Black Friday may be the unofficial start of the holiday shopping season, but I think it pales to the day after, Small Business Saturday.
Small Business Saturday is the Saturday after Thanksgiving. It’s a day dedicated to supporting the local businesses that support their communities throughout the year.
Black Friday is great if you’re looking for cheap TVs and stocking stuffers, but Small Business Saturday is about finding unique merchandise that’s hard to find at chain stores or the mall. And when you shop small, there’s a good chance you’ll be dealing directly with the owner of the business, someone with a vested interest in turning you into a regular customer.
What I like best about Small Business Saturday is that it’s a chance to support the local stores and restaurants that keep North Carolina’s economy running. Big corporations get most of the attention, but small businesses account for over 99% of all businesses in the state, and small businesses employ about 44% of North Carolina’s workforce.
And while the chain stores are owned by companies based someplace else, most small businesses are owned by and employ our friends and neighbors. These businesses sponsor our kids’ sports teams, give to local charities, and keep the local economy healthy and strong.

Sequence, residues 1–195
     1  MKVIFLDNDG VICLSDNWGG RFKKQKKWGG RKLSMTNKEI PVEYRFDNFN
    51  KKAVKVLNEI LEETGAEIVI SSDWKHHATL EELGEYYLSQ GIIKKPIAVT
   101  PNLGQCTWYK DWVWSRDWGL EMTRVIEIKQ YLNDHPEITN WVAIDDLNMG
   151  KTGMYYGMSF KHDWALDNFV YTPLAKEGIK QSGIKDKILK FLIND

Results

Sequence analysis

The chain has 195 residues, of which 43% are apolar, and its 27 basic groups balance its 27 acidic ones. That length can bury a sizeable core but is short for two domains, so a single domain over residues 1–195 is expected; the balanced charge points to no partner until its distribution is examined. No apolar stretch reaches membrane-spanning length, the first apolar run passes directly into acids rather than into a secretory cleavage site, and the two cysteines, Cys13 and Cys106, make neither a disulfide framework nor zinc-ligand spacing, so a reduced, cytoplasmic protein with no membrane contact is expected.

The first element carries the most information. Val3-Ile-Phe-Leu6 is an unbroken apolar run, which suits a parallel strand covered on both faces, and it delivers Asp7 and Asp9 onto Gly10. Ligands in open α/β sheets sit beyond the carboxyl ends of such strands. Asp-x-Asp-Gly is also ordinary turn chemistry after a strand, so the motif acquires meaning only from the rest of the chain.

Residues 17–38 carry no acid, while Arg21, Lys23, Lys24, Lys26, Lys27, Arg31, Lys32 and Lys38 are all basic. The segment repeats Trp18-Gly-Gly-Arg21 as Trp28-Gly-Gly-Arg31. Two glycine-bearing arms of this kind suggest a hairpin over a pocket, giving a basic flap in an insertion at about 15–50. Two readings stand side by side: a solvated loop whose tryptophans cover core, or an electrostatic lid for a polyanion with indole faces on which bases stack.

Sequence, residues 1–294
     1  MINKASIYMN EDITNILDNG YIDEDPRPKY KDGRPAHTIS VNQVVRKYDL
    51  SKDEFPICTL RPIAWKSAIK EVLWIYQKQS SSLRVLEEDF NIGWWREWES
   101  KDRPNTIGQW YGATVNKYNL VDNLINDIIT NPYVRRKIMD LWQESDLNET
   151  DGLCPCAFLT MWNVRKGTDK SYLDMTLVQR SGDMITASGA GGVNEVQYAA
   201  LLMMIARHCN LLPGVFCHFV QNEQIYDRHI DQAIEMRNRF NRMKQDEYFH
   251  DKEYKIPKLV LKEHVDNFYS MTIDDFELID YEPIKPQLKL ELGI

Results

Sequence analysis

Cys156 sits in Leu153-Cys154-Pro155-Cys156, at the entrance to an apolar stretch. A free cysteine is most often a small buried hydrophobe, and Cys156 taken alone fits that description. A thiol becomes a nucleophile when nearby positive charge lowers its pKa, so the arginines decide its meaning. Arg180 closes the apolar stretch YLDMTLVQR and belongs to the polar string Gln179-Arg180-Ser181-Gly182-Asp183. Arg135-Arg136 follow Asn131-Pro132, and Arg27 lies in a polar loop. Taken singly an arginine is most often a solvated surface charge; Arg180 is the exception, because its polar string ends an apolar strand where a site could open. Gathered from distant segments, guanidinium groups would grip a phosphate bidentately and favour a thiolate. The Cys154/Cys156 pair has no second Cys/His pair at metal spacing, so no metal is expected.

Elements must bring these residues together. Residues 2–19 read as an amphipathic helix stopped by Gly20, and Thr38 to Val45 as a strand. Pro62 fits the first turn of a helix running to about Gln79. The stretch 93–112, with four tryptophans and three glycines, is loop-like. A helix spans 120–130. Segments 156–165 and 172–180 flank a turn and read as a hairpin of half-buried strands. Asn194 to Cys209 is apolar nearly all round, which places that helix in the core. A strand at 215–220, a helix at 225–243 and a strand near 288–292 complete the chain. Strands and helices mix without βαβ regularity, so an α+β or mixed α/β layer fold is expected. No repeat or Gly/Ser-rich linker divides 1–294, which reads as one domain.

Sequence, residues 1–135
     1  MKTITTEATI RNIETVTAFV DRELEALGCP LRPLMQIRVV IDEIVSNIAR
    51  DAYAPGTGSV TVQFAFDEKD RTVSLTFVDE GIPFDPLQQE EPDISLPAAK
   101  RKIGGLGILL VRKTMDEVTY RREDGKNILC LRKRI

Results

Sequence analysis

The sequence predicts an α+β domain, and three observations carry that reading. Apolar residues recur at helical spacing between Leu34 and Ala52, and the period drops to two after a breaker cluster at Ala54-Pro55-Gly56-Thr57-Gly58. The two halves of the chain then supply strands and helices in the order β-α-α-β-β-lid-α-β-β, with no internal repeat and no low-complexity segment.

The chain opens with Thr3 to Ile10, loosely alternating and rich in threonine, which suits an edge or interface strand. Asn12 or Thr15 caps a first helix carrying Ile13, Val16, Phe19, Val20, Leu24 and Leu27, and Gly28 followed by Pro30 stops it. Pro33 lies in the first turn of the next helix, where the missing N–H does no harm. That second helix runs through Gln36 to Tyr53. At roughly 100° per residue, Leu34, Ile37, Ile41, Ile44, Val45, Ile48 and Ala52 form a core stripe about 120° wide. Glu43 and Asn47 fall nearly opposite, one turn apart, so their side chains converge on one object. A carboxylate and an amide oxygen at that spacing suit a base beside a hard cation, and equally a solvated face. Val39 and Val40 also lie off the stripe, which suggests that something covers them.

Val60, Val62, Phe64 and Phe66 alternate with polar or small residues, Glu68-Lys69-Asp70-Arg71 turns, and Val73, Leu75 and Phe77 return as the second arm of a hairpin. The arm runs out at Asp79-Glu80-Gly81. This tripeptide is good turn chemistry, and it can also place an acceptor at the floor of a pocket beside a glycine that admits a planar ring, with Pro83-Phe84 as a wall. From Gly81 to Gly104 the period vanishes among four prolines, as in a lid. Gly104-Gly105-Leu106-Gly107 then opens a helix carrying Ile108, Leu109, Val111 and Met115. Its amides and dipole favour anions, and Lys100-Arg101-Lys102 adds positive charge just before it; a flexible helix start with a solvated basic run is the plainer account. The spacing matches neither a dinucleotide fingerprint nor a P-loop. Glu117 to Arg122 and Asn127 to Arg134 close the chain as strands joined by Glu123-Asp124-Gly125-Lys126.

Small Business Saturday began in 2010 as part of a marketing campaign to support independent shops and restaurants recovering from the Great Recession, but it’s no gimmick. Americans spent an estimated $17.9 million last Small Business Saturday. And 72 percent of those surveyed planned to shop small throughout the holiday season.
Shopping small also makes our communities strong. Sixty-seven cents of every dollar spent at a small business remains in the community. What’s more, every dollar spent at a small business creates another 50 cents in local business activity because of employee spending and purchases to keep the business up and running.
This year make a difference in your community: Shop local on Small Business Saturday.
Gregg Thompson is the National Federation of Independent Business’ state director for North Carolina.